Tag Archives: fiction

Tuesday Tales: Writing Number

Have you ever seen a ghost?

Welcome to Tuesday Tales, a weekly blog featuring diverse authors who post excerpts from their works in progress based on word and picture prompts. We’re a book hungry troop that enjoys reading as much as you do. Today our word prompt is number. My excerpt is from one of my books in progress, Hannah’s Haint, a vintage paranormal romance set in a small town in the 1950s. Please visit the other fabulous authors at Tuesday Tales.

Hannah cringed at the disbelief on Meg’s face and the eyebrows that were about to take flight. Protest would only fuel the fire. Might as well sing a different number. She pretended to brush grains of sand from her thighs. “To tell the truth, Nate has been on my mind today, but only because of what happened last night.”

Meg lurched up, her eyes wide. “What happened?”

“My resident haint made an appearance.”

“You mean you and Nate actually saw the ghost?”

She shrugged. “No so much saw as saw the effects of.

The teaser was met with a flurry of arm flailing. “Tell me this minute.”

“I had gone up to the attic to look around and straighten…”

“The fortune teller warned you not to go up there.”

“I have to take an inventory for the bank. You know how shoddy the sale papers were.”

“Then you should have waited for Nate to go with you.”

“He was late coming to work. Do you want to know what happened or not?”

At the sight of Meg’s vehement nodding, Hannah continued. “To make a long story short, I hadn’t been up there five minutes when the music started again and the air suddenly smelled like jasmine, and then…” Her playful mood sobered at the memory. She stopped to swallow. “Something, someone touched my arm.”

“Oh, my ever lovin’ God. Old Sarah was right. The ghost is dangerous. What did you do?”

“I ran out to the landing and smack dab into Nate.”

A beatific smile hovered on Meg’s lips, and her voice turned soft. “And Nate comforted you.”

Hannah’s forehead crinkled. “How’d you know?”

“That’s what he would do. Did he investigate?”

“No, I wouldn’t let him. We went downstairs. But he heard the tinkling and smelled the jasmine.”

“Good. I’m glad it’s not just you.”

“You might clear me of hallucinating, but I don’t even want to think about his take on it.”

“You didn’t talk it out?”

Hannah shook her head. “I was a smidge upset, and then Buster came, so no.” She stood up. “Let’s go for another swim before Bryan gets back.”

A few minutes later the fickle ocean had them both laughing. Good natured fun heated her cheeks. The waves stroked her lotion into coconut scented beads. She didn’t care. The beach always took away her troubles, if only for a little while.

I hope you enjoyed the snippet based on the word prompt number. Thanks for stopping by. Please visit the other fabulous authors at Tuesday Tales.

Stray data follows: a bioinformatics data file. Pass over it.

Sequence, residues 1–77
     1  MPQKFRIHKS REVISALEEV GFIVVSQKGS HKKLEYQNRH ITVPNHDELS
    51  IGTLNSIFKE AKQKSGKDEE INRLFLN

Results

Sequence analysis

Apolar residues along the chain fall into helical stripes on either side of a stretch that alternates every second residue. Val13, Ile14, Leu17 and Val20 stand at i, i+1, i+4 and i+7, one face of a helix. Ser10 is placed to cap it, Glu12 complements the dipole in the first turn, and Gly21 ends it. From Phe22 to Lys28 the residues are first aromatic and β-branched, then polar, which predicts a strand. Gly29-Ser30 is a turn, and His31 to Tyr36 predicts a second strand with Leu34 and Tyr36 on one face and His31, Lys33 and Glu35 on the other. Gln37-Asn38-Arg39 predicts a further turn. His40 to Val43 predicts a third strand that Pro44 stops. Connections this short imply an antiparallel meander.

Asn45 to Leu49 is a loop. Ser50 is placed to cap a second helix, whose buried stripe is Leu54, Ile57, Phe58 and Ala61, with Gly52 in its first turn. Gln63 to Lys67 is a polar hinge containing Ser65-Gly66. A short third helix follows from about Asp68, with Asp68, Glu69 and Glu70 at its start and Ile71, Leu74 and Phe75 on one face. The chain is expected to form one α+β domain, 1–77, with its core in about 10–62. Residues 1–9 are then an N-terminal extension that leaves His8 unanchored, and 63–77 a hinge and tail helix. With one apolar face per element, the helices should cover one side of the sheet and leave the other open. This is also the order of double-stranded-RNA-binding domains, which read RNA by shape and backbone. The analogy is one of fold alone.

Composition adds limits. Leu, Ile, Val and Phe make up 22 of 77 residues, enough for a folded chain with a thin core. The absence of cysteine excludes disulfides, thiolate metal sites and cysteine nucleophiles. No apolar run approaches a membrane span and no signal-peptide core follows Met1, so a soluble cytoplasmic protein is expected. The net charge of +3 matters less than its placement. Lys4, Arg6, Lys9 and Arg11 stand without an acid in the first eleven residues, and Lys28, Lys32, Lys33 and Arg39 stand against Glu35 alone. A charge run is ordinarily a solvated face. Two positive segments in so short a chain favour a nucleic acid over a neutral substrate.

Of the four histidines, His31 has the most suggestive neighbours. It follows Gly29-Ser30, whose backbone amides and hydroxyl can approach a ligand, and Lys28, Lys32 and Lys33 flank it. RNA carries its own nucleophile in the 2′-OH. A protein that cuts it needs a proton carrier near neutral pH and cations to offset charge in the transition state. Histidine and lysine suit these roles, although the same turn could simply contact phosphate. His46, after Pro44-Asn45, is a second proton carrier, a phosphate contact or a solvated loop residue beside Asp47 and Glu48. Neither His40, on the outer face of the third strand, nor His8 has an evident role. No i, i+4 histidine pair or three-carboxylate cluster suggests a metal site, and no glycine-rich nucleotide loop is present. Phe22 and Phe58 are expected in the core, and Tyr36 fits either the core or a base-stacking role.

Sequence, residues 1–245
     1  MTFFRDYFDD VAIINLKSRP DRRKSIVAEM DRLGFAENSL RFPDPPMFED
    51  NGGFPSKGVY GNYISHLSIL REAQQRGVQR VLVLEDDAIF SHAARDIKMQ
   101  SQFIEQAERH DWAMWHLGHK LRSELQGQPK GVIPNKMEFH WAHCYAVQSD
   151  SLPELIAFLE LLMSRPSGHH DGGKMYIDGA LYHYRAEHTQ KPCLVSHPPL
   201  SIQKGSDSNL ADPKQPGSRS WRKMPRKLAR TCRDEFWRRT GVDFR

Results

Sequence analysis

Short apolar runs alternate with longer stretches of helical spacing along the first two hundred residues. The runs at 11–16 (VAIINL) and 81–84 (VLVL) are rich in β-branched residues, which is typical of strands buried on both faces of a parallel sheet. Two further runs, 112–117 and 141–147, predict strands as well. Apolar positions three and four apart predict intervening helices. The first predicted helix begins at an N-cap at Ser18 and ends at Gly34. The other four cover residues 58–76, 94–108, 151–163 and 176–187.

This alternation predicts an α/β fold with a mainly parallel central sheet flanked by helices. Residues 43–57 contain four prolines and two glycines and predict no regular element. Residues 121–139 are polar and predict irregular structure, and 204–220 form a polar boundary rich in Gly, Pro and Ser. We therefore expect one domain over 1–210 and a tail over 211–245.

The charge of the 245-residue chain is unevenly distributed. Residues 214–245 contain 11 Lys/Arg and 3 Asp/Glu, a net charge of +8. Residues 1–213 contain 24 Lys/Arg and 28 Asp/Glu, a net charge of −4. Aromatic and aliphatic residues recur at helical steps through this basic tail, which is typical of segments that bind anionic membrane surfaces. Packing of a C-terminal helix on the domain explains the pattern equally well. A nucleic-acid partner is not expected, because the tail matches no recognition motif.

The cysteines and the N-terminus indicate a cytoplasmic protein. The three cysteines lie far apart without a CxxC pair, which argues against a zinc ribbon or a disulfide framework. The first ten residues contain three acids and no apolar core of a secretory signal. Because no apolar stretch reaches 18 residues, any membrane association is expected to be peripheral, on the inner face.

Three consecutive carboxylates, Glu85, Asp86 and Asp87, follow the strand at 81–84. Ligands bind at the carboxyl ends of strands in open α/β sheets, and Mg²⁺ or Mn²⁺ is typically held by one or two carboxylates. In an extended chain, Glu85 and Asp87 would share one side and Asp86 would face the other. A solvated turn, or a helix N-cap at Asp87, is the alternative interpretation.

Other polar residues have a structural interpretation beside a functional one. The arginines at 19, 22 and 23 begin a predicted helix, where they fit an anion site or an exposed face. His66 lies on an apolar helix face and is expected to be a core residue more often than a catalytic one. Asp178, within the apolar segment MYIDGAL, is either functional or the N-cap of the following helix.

Cheers & Happy Reading!
Flossie Benton Rogers, Conjuring the Magic in Romance

Vintage Friday: 11 Kisses for A Girl of the Limberlost

A GIRL OF THE LIMBERLOST GirloftheLimberlost

Author – Gene Stratton Porter
First Published – 1909
Genre – Fiction
Setting – the Limberlost Swamp of rural Indiana
Heroine – Elnora Comstock – Poor country girl with music in her blood who pays for schooling by collecting and selling rare moths.
Hero – Philip Ammon – Pure hearted aristocrat who becomes mesmerized by the untouched beauty of the Limberlost and Elnora.
Antagonist – 1st part of book – Mrs. Comstock – Sour and warped, she resents her daughter Elnora and blames the girl for her husband’s untimely death. 2nd part of book – Edith Carr – Vain and self-centered, she treats her fiancé Philip Ammon like some sort of lap dog minion.
Black Moment – Elnora’s mother stomps on the final moth that Elnora needs to complete a rare collection to pay for college.
Favorite Supporting Character – the orphaned ragamuffin Billy
Fun Tidbit – This wonderful novel was my mother’s favorite. It is like two stories in one. The first story is that of Elnora and her bitter mother. How can a mother dislike her daughter to the point of not caring when she is hurt? Will she ever thaw and open her heart? The second is of the growing bond between Elnora and Philip, with Edith Carr’s shrill voice tinkling around them like shards of ice. 

By Self (Own work) [CC BY 2.5 (http://creativecommons.org/licenses/by/2.5)], via Wikimedia Commons

By Self (Own work) [CC BY 2.5 (http://creativecommons.org/licenses/by/2.5)], via Wikimedia Commons

Memorable Line – “But as I figure it, it’s just June, when it comes to these great, velvet-winged night moths which sweep its moonlit skies, consummating their scheme of creation, and dropping like a bloomed-out flower.”

Get Your Copy of A Girl of the Limberlost FREE

Cheers & Happy Reading!
Flossie Benton Rogers, Conjuring the Magic with Paranormal Fantasy Romance 

Author on Board: Flossie Benton Rogers Presents Devika Fernando